Rated as the #2 Australian Album of 2017, Jen Cloher’s acclaimed self-titled record demonstrated the Melbourne-based songwriter’s talent in bringing earnest and incredibly open lyrical matter together with musicality that has marked her career as quite the esteemed on. From our earlier feature:
Easily one of Australia’s best songwriters, Jen Cloher presented one of her most candid offerings yet with her self-titled album this year. The honesty Cloher brings to her music is more than just open. She writes lyrics that look inward almost brutally in some places, while navigating childhood stories with an unfiltered frankness that has the listener appreciating Cloher’s body of work even more than before.
From enduring a long distance relationship with a partner that is also riding a journey of success, to the age-old opposition between musicians and music critics, much territory is covered with Jen Cloher that if you thought there was any room to hide out or take a breather, you’re dead wrong. Cloher pours love and an intrinsic appreciation for her craft into Jen Cloher that is undeniable, making the album one we’ve come back to time and time again.
4. GANG OF YOUTHS – Go Farther In Lightness
Our #1 rated Australian Album of 2017, Go Farther in Lightness was released to an audience craving a suitable follow up to Gang of Youths’ impressive debut, The Positions. The end result was just as people expected – full of emotion, candidness and passion. From our earlier feature:
It’s the album that brought the Sydney boys out from under the shadow cast by “Magnolia” and into a new, levelled up light. Now a dual ARIA winning, J Award winning album, Go Farther in Lightness has proved that Gang of Youths are more than a one-triple j album band. And the international spotlight is only getting stronger. As Dylan Marshall said in his official review:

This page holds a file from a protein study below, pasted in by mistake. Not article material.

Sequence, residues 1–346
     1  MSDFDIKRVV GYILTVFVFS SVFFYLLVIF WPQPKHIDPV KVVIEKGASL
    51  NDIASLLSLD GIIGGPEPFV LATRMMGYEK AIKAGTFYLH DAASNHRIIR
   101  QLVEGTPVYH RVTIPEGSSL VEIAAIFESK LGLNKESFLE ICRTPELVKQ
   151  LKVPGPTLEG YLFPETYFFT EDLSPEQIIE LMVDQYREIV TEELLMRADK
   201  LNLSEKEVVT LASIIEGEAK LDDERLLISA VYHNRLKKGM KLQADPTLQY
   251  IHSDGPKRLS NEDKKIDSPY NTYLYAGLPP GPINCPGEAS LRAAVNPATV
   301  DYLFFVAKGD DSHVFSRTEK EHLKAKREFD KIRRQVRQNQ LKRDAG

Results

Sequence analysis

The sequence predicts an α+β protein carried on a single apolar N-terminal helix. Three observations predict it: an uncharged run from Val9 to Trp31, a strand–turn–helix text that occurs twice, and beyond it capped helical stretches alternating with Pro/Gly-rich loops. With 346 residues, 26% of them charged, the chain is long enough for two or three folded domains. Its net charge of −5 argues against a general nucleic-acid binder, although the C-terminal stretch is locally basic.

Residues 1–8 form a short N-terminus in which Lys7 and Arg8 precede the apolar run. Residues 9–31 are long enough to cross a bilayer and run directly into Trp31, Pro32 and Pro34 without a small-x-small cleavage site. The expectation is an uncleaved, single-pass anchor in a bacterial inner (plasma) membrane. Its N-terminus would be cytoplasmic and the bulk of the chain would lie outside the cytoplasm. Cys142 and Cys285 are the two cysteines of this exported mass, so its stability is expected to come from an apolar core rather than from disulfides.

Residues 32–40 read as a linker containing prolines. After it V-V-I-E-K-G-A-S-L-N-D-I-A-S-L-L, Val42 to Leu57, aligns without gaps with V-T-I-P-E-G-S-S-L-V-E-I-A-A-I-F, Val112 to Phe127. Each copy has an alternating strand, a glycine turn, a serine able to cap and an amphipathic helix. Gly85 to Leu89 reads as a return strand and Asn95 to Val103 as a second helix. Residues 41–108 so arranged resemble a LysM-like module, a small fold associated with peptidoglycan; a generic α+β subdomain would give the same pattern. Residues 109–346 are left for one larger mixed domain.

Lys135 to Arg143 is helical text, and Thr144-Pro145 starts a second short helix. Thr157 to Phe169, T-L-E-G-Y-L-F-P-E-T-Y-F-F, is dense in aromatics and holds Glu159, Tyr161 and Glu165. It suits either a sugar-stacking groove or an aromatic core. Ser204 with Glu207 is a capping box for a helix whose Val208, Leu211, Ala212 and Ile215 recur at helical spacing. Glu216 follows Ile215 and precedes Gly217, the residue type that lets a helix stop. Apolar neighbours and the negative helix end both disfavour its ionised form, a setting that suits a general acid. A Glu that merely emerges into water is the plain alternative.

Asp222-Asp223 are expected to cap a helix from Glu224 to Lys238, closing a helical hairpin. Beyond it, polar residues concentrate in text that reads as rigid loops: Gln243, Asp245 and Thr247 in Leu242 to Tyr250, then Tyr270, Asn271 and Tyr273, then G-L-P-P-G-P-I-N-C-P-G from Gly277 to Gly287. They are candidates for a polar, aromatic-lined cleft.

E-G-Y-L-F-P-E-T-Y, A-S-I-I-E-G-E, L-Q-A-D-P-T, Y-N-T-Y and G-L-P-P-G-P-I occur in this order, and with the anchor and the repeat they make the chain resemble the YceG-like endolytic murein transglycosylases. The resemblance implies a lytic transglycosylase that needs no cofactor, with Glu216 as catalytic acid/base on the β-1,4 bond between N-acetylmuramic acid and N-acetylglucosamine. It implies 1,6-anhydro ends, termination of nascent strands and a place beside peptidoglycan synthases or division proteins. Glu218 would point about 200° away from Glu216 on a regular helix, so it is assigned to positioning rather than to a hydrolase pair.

“Straight off the bat, Go Farther In Lightness is a victory album. It’s a victory of love and loss; a triumph for hope and life. It’s an album with many peaks and just as many moments that make you ponder and appreciate your existence. It’s a compass for those lacking direction. It’s the ‘I may not know what I’m doing, but I’m going to have a real crack at it anyway,’ moment we’ve all had. But most importantly, Go Farther In Lightness is an album that re-instills faith in the process called life.”
3. LORDE – Melodrama
Currently a Grammy nominated album, Lorde’s sophomore effort in Melodrama was an accomplished effort than demonstrated a great sense of maturity of the New Zealander’s songwriting talent. As we mentioned earlier in the year:
Melodrama may only be Lorde‘s sophomore album but considering how much territory and pop culture landscape the New Zealand songwriter and performer has managed to traverse since Pure Heroine‘s release, you’d be forgiven for thinking Lorde has been doling out records left, right and centre. A dramatic and gorgeous release of new music, Melodrama is a bright and sparkling snapshot of an artist truly coming into her own.
2. SZA – CTRL
The breakout album from SZA, CTRL was quick to wrap itself around R&B fans and those who were on the fringes too. If you were a Kendrick fan, chances were you’d like SZA. If you were into Insecure, SZA was the perfect soundtrack. Following on from a series of successful EP and single releases, CTRL was the perfect offering for SZA to introduce herself to a larger fanbase with.
The album proved SZA’s chops in the wake of her collaboration with Rihanna on ANTI, say, while her own collaborations with the likes of Travis Scott, Isaiah Rashad and Kendrick Lamar himself brought CTRL to wider acclaim. Proof was most definitely in the pudding, here.
1. KENDRICK LAMAR – DAMN.
It would obviously be remiss for this album to be missing from any end of 2017 list. Dropping over easter weekend, DAMN. quickly hurtled towards top of every passing Kendrick fan’s playlist.
“The biggest name in rap today delivered. While it may not be To Pimp A Butterfly, DAMN. is still a substantial album, which I often find myself replying quite a bit.” – Felix Pocius
“Having released two albums of a generation back to back, the sorts of releases which redefine the entire sonic spectrum of the years to come, it was great to hear Kendrick stop trying to change the world and just show everyone how damn good he can be. Though less ambitious, it’s the most listenable, fun release he’s put his name to and a reminder of why he’s the most exciting artist of his generation.” – Steven Morgan